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Evers Criticizes Walker On School, Road Spending During Annual Education Speech

State Superintendent Tony Evers Delivers Annual State Of Education Address

By
Tony Evers
Scott Bauer/AP Photo

State schools Superintendent Tony Evers called for more K-12 spending in his annual state of education speech Thursday at the state Capitol.

Despite a $636 million funding bump for schools in the next two-year state budget, which Gov. Scott Walker has lauded as “historic,” Evers pushed for more investment in education.

“On school funding, we must face the reality that for too many budget cycles public school funding has not been the priority for those in control,” he said.

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Evers, who has been superintendent since 2009 and is running as a Democratic candidate for governor, has pushed for years for a new funding formula for schools. He cited a number of referendums across the state approving property tax increases for school funding as proof that communities support more money for education.

“Communities and voters are now convinced we need action,” Evers said. “The Legislature wasn’t getting it done, so they had to act.”

Evers also criticized the Legislature and governor for approving $400 million in borrowing for roads in the next budget, arguing bonding puts pressure on future generations.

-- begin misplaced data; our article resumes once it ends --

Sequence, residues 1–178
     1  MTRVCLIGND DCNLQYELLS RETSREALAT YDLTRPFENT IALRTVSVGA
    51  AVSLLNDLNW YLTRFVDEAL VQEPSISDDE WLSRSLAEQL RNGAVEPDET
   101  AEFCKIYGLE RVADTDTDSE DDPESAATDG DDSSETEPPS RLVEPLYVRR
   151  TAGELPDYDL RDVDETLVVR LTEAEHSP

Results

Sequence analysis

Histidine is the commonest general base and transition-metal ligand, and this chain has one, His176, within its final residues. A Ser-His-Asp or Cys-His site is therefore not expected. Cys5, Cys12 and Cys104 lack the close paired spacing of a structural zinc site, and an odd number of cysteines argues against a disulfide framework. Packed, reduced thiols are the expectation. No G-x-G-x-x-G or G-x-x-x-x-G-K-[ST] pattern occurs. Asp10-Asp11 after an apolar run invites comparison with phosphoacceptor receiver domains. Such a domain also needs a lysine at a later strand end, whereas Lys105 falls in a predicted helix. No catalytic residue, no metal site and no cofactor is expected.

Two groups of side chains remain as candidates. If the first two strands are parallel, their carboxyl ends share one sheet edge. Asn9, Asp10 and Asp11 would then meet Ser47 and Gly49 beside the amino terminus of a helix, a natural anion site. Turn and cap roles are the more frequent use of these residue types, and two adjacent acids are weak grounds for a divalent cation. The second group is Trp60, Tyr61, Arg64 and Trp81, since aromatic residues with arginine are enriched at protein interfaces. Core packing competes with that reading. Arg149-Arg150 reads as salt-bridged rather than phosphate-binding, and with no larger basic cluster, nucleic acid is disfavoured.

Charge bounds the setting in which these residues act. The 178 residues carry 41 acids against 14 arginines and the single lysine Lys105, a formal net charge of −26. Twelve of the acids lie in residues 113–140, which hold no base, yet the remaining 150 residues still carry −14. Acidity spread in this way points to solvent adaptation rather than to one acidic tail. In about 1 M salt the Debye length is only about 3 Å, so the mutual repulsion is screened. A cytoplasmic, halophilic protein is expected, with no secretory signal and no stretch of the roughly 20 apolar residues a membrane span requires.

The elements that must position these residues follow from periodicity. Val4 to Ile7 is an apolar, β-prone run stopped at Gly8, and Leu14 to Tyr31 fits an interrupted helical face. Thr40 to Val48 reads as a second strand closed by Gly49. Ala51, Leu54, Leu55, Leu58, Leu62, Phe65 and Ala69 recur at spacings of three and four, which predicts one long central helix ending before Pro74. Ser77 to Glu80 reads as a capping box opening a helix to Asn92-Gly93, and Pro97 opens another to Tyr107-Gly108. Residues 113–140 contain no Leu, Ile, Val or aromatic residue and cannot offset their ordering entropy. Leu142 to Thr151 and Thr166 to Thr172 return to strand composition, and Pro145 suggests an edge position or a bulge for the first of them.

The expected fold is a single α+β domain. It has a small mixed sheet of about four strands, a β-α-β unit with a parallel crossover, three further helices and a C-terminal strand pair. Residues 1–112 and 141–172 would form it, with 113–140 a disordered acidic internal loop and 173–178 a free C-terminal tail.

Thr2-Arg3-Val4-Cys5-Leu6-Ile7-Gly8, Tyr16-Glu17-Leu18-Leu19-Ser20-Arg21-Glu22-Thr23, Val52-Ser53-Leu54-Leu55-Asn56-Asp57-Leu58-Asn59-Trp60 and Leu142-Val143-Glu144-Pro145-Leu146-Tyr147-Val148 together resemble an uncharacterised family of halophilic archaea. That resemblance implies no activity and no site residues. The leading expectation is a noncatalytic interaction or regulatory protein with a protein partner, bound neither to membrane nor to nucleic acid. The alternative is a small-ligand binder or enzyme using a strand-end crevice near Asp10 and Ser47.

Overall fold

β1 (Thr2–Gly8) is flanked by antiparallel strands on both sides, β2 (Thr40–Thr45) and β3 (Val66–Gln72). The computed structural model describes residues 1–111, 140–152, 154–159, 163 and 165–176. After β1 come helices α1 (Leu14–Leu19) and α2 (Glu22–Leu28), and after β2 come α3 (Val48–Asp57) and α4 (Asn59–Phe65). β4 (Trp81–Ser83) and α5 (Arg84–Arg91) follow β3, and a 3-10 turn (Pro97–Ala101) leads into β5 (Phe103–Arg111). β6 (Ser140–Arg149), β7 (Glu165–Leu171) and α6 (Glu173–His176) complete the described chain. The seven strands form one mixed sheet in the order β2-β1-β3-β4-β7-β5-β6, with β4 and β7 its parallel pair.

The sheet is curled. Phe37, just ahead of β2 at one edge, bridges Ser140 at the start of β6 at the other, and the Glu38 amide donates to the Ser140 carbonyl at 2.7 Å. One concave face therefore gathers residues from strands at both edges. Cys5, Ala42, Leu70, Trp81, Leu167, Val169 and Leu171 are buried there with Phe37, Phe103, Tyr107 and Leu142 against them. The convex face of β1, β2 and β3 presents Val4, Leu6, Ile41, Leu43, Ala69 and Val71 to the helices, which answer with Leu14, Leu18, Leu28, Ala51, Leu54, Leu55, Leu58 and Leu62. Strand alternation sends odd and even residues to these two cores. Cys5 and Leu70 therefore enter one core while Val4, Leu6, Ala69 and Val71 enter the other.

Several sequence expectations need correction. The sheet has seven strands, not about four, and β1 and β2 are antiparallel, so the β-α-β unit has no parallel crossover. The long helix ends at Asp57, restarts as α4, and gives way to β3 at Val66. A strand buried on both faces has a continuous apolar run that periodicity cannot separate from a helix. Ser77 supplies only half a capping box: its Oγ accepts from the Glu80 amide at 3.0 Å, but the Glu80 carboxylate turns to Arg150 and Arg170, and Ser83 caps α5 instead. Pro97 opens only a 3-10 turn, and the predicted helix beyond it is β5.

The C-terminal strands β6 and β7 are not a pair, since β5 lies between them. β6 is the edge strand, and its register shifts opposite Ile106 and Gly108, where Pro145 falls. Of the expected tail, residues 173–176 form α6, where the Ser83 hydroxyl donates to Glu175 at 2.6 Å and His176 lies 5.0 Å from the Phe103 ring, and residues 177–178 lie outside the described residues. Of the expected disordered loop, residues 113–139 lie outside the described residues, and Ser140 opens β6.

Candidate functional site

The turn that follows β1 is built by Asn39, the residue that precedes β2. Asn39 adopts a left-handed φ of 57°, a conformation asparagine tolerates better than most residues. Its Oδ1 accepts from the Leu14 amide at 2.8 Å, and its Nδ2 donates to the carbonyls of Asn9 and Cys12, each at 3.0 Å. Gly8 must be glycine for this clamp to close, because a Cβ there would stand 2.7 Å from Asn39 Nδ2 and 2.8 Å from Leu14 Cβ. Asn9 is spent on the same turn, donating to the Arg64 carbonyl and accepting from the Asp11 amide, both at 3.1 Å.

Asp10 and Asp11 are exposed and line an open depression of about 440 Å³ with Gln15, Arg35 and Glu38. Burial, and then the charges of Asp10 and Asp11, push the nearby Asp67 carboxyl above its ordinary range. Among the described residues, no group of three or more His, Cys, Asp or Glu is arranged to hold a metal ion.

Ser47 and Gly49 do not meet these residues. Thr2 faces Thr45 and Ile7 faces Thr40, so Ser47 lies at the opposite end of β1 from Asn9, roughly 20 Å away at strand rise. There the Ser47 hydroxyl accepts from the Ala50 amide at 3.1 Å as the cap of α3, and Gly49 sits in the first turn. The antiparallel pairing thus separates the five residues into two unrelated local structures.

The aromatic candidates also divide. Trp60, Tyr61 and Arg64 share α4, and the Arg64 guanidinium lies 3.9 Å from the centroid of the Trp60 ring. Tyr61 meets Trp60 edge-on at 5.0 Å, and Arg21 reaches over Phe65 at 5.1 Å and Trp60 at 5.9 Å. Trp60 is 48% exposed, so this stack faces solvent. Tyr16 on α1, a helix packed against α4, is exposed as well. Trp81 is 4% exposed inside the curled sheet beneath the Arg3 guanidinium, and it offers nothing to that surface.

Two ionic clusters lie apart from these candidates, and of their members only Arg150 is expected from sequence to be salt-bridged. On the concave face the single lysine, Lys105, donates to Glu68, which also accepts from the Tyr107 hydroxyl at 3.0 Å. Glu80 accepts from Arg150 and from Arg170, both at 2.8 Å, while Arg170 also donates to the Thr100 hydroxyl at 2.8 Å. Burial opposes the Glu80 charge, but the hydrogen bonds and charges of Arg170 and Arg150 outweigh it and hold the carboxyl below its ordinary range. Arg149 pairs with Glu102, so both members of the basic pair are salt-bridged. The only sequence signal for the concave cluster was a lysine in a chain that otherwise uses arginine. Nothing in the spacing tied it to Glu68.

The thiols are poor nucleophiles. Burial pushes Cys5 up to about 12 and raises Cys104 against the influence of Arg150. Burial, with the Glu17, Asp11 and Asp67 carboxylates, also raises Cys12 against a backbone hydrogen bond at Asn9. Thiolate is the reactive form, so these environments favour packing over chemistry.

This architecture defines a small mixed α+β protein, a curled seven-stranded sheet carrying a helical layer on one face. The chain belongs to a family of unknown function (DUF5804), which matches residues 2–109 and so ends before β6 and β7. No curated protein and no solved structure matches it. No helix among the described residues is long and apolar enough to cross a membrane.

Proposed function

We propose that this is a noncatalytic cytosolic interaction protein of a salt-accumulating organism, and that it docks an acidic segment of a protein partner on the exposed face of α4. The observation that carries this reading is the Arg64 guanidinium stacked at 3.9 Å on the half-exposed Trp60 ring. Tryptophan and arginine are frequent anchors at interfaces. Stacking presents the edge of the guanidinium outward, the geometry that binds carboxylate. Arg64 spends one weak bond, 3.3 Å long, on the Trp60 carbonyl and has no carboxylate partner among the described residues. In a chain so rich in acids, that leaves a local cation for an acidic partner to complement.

He also called for the Legislature to implement one of the “dozens of options” suggested by various individuals and groups in recent years to “improve the quality of our roads and free up resources for our schools.”

During budget negotiations, state lawmakers proposed a variety of new revenue sources for road funding, including a gas tax or vehicle registration fee increase, or an increased fee on heavy trucks. None of those options made it into the budget.

“I’m sick of the politics, the false choices, and the endless debates on this issue,” Evers said. “We can walk and chew gum at the same time. Without question, we can fix our roads and fund our schools at the same time.”

Evers said if elected governor, he would support a gas tax increase to pay for roads.

He also said he would “absolutely” call on legislators of override Walker’s veto of increased revenue limits for low-spending schools.

A spokesman for Walker pushed back on opposition to the veto Thursday, pointing out school districts can still increase spending by passing a referendum.

The superintendent’s speech wasn’t entirely critical. He lauded the budget’s spending on mental health programs in schools.

The budget includes new funding for schools to hire social workers and grants for schools to partner with community mental health organizations to provide support for students.

Editor’s Note: This story was updated with original reporting from WPR at 2:40 p.m. Thursday, Sept. 21, 2017.

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